Defensive Variations for Guarding the Inbound Pass; a 1-2-2 Full Court Press Example
The 1-2-2 Full Court Press is one of the staples many coaches end up utilising as they develop their understanding about pressure defences. The 1-2-2 Full Court Press is one of the more popular defences to be used in basketball. For this reason there is no shortage of information available across the internet in regards to the strategy behind the defence.
The 1-2-2 Full Court Press places a number for players in a condensed space. This challenging for younger players especially who cannot make longer passes down the court and over the defence. As with all press options teams need to be well drilled in rotations and recovering behind the line of the ball.
The 1-2-2 Full Court Press is a solid defence with a proven track record of success. When teaching this defence it helps build confidence and allow for a greater margin of error as players work in lines which tend to be simplistic to explain the options and rotations they have.
To try and add a different perspective on the discussion about the 1-2-2 Full Court Press below are some variations in regards to how to defend the initial inbound pass. The inbound pass below has been diagrammed to be defended in two different ways. The two different strategies discussed here will be passive and denial of the inbound pass. Both of these have different purposes strategically for a team to utilise.
Passive defending in the 1-2-2 Full Court Press allows the ball to be inbounded before the trap is initiated. This type of defence can be utilised in allowing the inbound pass to happen in the confined corners of the backcourt. This is a useful strategy if the team you are defending has only limited dribblers or passers who will struggle to dribble out or pass through a full court pressure defence.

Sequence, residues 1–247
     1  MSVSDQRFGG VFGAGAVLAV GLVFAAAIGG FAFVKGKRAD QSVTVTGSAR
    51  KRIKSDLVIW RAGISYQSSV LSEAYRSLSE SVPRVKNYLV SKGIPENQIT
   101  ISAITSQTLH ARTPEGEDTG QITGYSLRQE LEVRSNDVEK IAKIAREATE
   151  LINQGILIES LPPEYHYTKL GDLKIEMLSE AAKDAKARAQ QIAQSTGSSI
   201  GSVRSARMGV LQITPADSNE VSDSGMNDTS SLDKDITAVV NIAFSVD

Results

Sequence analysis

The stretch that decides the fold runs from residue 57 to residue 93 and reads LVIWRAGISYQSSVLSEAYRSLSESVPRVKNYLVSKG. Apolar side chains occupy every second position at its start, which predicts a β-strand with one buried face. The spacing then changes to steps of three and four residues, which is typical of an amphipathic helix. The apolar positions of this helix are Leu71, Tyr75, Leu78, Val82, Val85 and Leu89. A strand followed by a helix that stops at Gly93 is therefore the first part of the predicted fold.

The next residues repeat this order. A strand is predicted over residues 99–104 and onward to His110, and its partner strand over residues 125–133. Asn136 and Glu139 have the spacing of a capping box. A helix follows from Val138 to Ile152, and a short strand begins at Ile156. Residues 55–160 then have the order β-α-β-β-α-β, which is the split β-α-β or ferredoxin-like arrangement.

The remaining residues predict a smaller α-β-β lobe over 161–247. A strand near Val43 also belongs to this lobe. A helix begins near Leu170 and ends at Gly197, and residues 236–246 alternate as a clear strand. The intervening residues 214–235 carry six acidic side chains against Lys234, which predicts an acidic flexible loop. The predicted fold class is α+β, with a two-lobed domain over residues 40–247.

Additionally the passive defence option can be utilised as a strategy to delay the game and dry up valuable time an opposition team may need to score and close a points gap. You do not necessarily have to trap for this defence to be effective in this way. Most offensive teams will tend to take longer to progress the ball when facing a press. Even fewer are effective in the full court resulting in scoring opportunities out of transition against a press defence.
The other option highlighted here is the full Denial of the inbound pass. This option within the 1-2-2 Full Court Press sees the three defenders initially involved in the trap deny their defensive assignments from receiving the inbound pass. This can either be done by the two defenders in the second line of the defence aggressively marking the offensive outlet or this can be supplemented by the point defender also face guarding the outlets and denying the pass to the first player who become free.
Denying the pass is a great tactic against a team that has one particularly strong guard who you do not want to have the ball in their hands. This defence is also very effective in having your team change-up their defence in the closing minutes of a quarter. If not used during a game in the general play, then when this defence is implemented it can be very disruptive.
Passive and denial variations are nothing different to basketball defences. These simple deviations in tactical focus can be very effective when integrated into many defences. Just because the focus of this article has been on full court defence, don’t think that these elements could not also be utilised in the half court for instance when teams are inbounding the ball.
Utilising these options for your team’s defensive tactics will allow your player’s to adapt and continue to apply pressure to offensive players as individuals and as teams. What is also useful is changing the rotation of implementation of these tactics on the court. Having your team utilise full denial of the pass and then passive defence strategies will help break the rhythm of your opposition and confuse their players with regards to what tactics to employ.